Wednesday, March 2, 2011

Tutoring & Number Theory

I've been tutoring 'Artemis' for over a year and a half now*. This fall he picked up the book Introduction to Number Theory, by Mathew Crawford, from Art of Problem Solving, and we've spent most of our sessions since then working out of that. I like not having to worry about what we're going to explore, and he seems to like the problems we encounter each week. He and I work through each problem together. Sometimes I hold back more, and get him to do one on his own, and sometimes I do more (with him correcting my mistakes). We skipped most of the first 3 chapters, because he knew most of that.

Number Theory includes so many cool ideas. I especially like playing with modular arithmetic, and seeing the power it can have. I've never taken a number theory course myself, so I'm consolidating my thinking, and enjoying the stretching.

Here's a problem from the book (modified a bit):
Consider n! and the sum 1+2+...+n.
When is the sum a factor of the factorial?
(problem 6.31)
I've got one part solved, and am still thinking about another part...


[Please don't give complete solutions in the comments. But I'd love to know if you've played with it, and what approach you took.]

Enjoy!



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*Search on Artemis to find all the posts.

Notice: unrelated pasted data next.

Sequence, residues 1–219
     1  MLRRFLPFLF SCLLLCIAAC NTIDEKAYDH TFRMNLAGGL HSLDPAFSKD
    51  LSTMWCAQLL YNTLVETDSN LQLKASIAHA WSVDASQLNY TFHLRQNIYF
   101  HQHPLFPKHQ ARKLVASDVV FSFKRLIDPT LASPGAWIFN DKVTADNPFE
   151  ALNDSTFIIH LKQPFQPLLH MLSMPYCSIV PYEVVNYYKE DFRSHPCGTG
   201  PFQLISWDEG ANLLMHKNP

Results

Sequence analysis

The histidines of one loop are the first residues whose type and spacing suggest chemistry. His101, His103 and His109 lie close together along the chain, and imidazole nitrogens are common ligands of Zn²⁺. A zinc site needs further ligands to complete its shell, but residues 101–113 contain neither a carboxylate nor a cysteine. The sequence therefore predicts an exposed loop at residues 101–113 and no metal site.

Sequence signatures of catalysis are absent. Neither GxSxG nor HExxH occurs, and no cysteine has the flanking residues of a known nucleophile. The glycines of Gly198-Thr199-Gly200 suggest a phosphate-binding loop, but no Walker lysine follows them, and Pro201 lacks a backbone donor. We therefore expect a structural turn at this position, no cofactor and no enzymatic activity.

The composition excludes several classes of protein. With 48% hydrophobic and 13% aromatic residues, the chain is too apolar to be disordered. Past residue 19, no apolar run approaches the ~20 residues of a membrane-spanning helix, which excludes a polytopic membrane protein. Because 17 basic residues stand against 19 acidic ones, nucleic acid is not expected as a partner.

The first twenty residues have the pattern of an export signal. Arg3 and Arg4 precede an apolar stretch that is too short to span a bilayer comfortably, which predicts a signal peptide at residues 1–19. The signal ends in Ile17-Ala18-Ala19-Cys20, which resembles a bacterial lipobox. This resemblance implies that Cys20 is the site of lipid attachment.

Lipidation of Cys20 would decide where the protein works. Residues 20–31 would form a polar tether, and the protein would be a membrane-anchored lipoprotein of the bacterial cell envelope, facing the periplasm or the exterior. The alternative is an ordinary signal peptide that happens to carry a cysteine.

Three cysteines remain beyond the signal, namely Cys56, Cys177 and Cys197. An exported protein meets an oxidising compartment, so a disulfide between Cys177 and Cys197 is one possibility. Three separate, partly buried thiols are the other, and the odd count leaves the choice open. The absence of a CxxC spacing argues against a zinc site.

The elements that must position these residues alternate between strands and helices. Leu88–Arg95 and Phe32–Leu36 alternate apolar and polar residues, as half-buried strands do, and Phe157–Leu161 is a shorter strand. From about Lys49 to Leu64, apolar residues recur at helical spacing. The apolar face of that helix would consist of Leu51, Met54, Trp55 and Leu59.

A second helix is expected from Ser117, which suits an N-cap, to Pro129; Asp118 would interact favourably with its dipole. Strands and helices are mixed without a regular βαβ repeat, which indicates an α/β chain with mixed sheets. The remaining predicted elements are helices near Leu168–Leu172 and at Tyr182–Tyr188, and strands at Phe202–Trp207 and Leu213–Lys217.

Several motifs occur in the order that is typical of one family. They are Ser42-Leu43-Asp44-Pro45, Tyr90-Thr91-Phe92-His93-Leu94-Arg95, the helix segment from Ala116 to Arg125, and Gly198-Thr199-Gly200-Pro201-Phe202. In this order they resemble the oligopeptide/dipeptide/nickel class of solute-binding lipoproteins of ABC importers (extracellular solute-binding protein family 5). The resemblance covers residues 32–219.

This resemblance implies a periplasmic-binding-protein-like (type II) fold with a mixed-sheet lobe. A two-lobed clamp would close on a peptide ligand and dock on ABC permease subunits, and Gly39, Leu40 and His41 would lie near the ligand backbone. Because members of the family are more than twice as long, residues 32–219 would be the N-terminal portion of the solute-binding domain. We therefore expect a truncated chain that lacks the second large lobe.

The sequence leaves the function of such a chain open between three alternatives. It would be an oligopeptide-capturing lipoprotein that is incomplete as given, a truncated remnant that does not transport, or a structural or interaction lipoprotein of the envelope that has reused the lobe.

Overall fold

4 comments:

  1. Cute problem. I looked at the formulas for computing factorials and triangular numbers and sought insight. Once I had an idea, I then through some carefully chosen test cases at it to validate the idea.

    For instance, I verified that when n=36, the sum is not a divisor of the product, but it is when n=38.

    I am confident of my solution, but I haven't proven it.

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  2. I too considered a closed expression for the sum from 1 to n and thought I had an answer pretty quickly. Realized from Blaise's comment that I was missing a piece. I now think that I've dealt with this 2nd part and have an informal proof. So if n=100, the sum isn't a divisor of the factorial but the sum is a divisor when n=101.

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  3. Yes, fab problem. I was going to say I hadn't figured it out yet but as I started to write down my approach it became clear to me that I had. So, for n=732 the sum does not divide the factorial, but for n=733 it does... is this what you're getting Avery and Blaise?

    My approach, like the others, began with writing a closed form for the sum. Then I multiplied and divided some stuff and reduced everything mod n+1. Then I realized I knew what was going on and it reminded me of Wilson's Theorem.

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  4. Everyone's being so good about hiding their complete thoughts. :^) I guess I'll say a little here. Odd numbers were easy for me. I showed 'Artemis' a proof as I thought it out. Even numbers felt more confusing, but then I thought about it in bed, and realized I had it.

    If you have it, you know which even numbers work.

    Ben, I'll have to think about Wilson's Theorem when I'm not so tired.

    ReplyDelete

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